It's a beautiful thing when a good band turns to great; when they put out an album that ends all skepticism concerning the band and turns everyone's head. Such is the case with Comeback Kid's spectacular sophomore effort, Wake The Dead.
The band's passion-filled debut, Turn It Around, put this band near the forefront of the straight edge hardcore movement, with its breakneck speeds and heart-stomping breakdowns. Still, people argued that it was a bit too generic for comfort, and that the album's songs blended into one another after five songs, making for a rather boring listen after ten minutes. Now, I don't know if the band took those comments to heart, but Wake The Dead has remedied any problems the band has had in the past and has turned out to be a flawless effort from a band who will no doubt be name-dropped as one of the most elite bands in hardcore after this release.
Where Turn It Around failed, Wake The Deaad excels; each song is rather distinct, not in the fact that there are a lot of "departures" to be found, but that each song has its own identity and its own parts that are unique to the song. Also, the length of the album has been cut short by four tracks, from fifteen to eleven, making for a more concise (but no less intense) listen. Lastly, the production is as in-your-face as a hardcore album could sound, making the move to Victory Records (I know, we all groaned when we heard it) a seemingly helpful move. Simply put, Wake The Dead sounds as amazing as the music is. The vocals are cleaner, the drums are more effective, and the gang vocals sound fuller. Check the end of the title track for proof; it's the best sing-along since Bane's "Can We Start Again."
Comeback Kid's music has also taken a turn towards the more punk rock-influenced hardcore spectrum, exchanging breakdowns for sheer speed and surprisingly more melodic (but no less hard-hitting) riffs. In fact, there's almost nary a breakdown to be found here; you've got your typical slower-paced rhythms to get the kids stomping, but nothing as earth-shattering as the end of, say, "All In A Year," the opener from the band's debut. The most amazing part is that you will not even notice; the songs are that good. Besides, you can still get all of the breakdown mayhem found on their debut if you see them live, which I highly consider, for they're currently on the straight edge hardcore tour of a lifetime, opening for Bane and With Honor.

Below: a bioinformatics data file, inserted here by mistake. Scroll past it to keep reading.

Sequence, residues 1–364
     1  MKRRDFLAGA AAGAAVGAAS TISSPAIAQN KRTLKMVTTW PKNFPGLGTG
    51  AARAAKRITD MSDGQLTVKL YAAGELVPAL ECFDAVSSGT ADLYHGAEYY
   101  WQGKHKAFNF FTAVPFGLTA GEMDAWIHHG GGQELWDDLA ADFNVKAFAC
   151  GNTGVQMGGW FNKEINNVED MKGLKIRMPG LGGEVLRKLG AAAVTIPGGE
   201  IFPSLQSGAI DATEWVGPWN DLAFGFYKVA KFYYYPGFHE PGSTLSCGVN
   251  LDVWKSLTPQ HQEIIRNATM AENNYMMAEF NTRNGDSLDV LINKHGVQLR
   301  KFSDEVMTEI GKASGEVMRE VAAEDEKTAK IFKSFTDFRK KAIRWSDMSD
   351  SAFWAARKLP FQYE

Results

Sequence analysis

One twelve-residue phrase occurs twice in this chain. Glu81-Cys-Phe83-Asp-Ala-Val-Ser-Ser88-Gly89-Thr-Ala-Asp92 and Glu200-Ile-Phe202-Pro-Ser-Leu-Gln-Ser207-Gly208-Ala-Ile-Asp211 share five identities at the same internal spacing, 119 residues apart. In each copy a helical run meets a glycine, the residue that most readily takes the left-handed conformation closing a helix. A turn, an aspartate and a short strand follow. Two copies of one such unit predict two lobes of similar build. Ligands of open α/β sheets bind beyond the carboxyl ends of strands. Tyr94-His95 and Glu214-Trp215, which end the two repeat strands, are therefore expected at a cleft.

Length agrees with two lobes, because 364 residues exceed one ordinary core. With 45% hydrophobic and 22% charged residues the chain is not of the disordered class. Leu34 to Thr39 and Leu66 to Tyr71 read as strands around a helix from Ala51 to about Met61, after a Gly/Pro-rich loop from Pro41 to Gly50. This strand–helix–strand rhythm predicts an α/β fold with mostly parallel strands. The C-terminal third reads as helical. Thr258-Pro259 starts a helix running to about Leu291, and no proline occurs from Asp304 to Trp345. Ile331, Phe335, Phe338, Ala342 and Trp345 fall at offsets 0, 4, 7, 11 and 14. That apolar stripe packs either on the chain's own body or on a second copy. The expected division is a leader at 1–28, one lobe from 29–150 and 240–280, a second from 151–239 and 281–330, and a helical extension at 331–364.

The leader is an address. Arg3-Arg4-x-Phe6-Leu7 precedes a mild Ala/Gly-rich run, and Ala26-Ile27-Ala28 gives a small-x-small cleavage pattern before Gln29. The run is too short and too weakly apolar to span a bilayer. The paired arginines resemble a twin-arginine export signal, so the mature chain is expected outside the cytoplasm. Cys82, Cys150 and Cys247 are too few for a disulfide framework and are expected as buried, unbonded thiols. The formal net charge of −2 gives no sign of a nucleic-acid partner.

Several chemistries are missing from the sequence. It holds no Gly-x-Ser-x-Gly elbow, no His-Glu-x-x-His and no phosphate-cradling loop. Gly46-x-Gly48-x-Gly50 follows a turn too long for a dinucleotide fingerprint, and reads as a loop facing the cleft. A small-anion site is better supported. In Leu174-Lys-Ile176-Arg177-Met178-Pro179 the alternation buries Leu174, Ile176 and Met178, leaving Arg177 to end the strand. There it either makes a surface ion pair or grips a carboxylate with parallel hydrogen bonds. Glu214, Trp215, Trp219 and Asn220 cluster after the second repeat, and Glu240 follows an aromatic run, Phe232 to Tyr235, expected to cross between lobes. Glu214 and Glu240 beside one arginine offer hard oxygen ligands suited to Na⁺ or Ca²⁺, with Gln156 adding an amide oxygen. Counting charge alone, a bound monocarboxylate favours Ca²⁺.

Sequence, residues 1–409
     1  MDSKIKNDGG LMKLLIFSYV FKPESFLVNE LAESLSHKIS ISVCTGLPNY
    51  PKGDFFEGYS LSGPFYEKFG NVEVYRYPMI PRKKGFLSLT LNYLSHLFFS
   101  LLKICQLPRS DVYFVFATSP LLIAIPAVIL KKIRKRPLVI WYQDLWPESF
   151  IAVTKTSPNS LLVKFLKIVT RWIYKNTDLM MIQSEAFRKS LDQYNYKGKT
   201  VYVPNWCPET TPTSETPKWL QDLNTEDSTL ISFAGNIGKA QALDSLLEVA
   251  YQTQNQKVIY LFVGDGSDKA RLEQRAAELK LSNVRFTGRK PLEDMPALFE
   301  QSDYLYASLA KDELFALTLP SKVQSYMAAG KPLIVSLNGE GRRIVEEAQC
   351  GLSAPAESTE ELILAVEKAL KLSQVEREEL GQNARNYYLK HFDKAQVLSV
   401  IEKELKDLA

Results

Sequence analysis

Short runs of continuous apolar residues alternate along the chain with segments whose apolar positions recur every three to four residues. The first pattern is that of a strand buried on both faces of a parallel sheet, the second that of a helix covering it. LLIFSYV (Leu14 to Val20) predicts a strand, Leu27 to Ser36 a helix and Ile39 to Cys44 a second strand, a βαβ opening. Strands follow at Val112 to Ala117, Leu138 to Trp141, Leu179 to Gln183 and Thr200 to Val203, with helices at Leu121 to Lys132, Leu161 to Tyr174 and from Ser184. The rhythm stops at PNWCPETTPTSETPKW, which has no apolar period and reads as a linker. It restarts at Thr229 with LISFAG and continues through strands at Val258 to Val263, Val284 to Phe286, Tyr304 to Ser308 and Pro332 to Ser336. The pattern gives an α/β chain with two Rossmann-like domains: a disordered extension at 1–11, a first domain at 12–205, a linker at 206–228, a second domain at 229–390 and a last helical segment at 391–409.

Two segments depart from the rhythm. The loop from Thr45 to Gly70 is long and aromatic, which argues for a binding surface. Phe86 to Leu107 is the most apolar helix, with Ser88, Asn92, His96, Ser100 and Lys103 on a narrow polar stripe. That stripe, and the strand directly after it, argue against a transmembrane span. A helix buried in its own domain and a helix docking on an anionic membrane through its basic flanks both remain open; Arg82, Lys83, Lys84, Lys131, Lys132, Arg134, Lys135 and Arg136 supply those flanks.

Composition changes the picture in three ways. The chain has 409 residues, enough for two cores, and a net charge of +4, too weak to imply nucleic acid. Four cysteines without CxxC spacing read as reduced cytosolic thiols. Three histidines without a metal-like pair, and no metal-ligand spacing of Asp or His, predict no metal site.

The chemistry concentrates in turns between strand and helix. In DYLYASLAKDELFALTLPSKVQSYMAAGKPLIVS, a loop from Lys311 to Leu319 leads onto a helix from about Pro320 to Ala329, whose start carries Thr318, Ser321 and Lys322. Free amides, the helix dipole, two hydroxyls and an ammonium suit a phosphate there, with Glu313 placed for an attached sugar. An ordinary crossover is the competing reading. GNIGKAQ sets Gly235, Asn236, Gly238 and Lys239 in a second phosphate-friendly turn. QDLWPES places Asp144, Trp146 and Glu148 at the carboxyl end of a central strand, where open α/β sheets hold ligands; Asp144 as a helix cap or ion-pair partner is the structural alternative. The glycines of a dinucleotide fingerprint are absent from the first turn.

There's also nothing like listening to an album for the first time and being ripped in half by an amazing album opener; "False Idols Fall" is the quintessential hardcore anthem. It's got speed, power, gang vocals, and a powerful closing, and all you can do after the song is over is smile because it was just so absolutely perfect. I can't remember the last hardcore song that made me smile. From the opening, to the insane gang vocals of "Wake The Dead," to the anthemic and soon-to-be crowd favorite "Partners In Crime," to the technicality of "Bright Lights Keep Shining," you're left in awe at how good this band sounds. Scott Wade's vocals are top-notch and unbelievably charismatic, and the guitar work is spectacular, not for its technicality and hard-to-play parts, but just for making some of the best hardcore riffs I've ever heard. Every song is excellent, and, as stated before, each has its own identity, something that is hard to come by in recent years with hardcore music.
This is a hands down ten out of ten. I've heard very few albums that have knocked me on my ass past a month's worth of listening, but Wake The Dead has done it. This is one hell of musical accomplishment, and is 100% deserving of a perfect rating. Pick this up TODAY.
"False Idols Fall"
"Wake The Dead"
"Partners In Crime"
"Bright Lights Keep Shining"
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